David Jacobs' BJJGround Am I Wrong? (About Students & Comp)

10 days ago
5/30/03
Posts: 41520

I notice a lot of students (who don't compete) and go to AOJ or other high end schools are upset with the instructors for focusing so much on the top guys.  By "high end schools" Im referring to competition schools or schools that charge around $200/month for unlimited training.  Can you really fault the instructors for focusing on the best guys?  I understand that you pay just as much as the best guy, but why would an instructor with limited resources spend his time focusing on someone who trains once or twice a week?  

 

If the instructor focuses on top guys who compete, the student's competition will reflect on the academy.  Obviously, the normal students are the ones who keep the doors open but how can instructors resolve this?

10 days ago
3/15/15
Posts: 12157
This has always been the case, for the most part. Despite people thinking to the contrary, competition in BJJ is not done regularly by the majority of people who train. I am guessing somewhere near 85% do not regularly compete and/or only compete a few times.
But what is visible, is success in tournaments so that is where the emphasis goes.
Same with top MMA gyms. You are there to keep the lights on. How well the few students do in competition is highly important and that is where the emphasis must go.
To contrast, combat sports like wrestling and Judo are primarily seriously practiced by very young and younger students, mostly male. Competition life is relatively short for almost all except the best.
This is why I think it is important to focus on what flavor of BJJ (linked to your purpose for training and goals) rather than the latest popular gym.
10 days ago
9/26/07
Posts: 710

I remember fabio gurgel saying in an interview that less than 5% of his entire association compete or have ever competed. This sounds like a low number but I think it’s probably accurate. If you count the number of students who walk through your door every week (including beginners, trials etc) and then see how many have competed I think most gyms will arrive at a similar figure. 

There are probably some gyms out there where there is a much higher number of competitors but those are usually the gyms that don’t last long. The hardcore competitors train hard, get injured, injure their training partners, put off newbies then switch team because the gym is getting too soft.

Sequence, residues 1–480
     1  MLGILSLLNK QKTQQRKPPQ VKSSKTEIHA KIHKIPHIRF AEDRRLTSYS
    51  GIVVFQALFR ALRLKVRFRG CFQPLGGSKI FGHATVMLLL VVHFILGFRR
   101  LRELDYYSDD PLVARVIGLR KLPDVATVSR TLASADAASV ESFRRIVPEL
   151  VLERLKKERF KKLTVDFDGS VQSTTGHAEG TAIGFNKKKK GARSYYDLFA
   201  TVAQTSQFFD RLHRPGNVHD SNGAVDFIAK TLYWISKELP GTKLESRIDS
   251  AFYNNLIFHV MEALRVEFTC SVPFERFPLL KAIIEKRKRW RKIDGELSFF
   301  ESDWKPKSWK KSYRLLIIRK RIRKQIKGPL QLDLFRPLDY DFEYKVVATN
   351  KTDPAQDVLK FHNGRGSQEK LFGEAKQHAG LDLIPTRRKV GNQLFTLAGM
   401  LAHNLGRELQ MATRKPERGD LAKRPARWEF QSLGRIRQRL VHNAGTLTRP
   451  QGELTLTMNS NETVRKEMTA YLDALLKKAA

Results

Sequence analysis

10 days ago
2/28/03
Posts: 47686

The people competing have a deadline to get all the information 

9 days ago
1/22/05
Posts: 22445
checkuroil - 

The people competing have a deadline to get all the information 


Equal pay should equal the same attention. You're providing a service. If people competing want extra attention they should pay for privates.
9 days ago
1/1/01
Posts: 64673
I go to MGA and have never seen this sort of favoritism, but honestly if you're a serious competitor I feel like you shouldn't be getting the majority of your coaching/instruction from big group classes anyway.

BJJ is a very strange world sometimes. I doubt in wrestling or judo you have a lot of 18 year olds who have designs on being a world champ training with 35 year old hobbyists who have been training a few times a week for a couple of years.
8 days ago
6/24/08
Posts: 181
Tomato Can - I go to MGA and have never seen this sort of favoritism, but honestly if you're a serious competitor I feel like you shouldn't be getting the majority of your coaching/instruction from big group classes anyway.

BJJ is a very strange world sometimes. I doubt in wrestling or judo you have a lot of 18 year olds who have designs on being a world champ training with 35 year old hobbyists who have been training a few times a week for a couple of years.

I agree with this,, there could be a club squad if you will, with pictures on the wall of fame that every new student and parent would want to be part of.
While these people could train with the regular class or help teach it there should be time set aside for only competitive members, they would not pay fees but instead have to compete at a certain level and do other stuff to promote the school.
Which would bring in a lot of new people to keep the lights on.
7 days ago
8/13/14
Posts: 188

competitors should get most of their training/skills in competition class. They should toy around with techniques/refine techniques against regulars in normal class.

7 days ago
1/1/01
Posts: 10767

For people who are bothered by the extra attention being paid to the competition team - perhaps you're missing something about the lifecycle of jiu jitsu instruction, and something that I think is quite wonderful in the Jiu Jitsu world (in contrast to many other sports).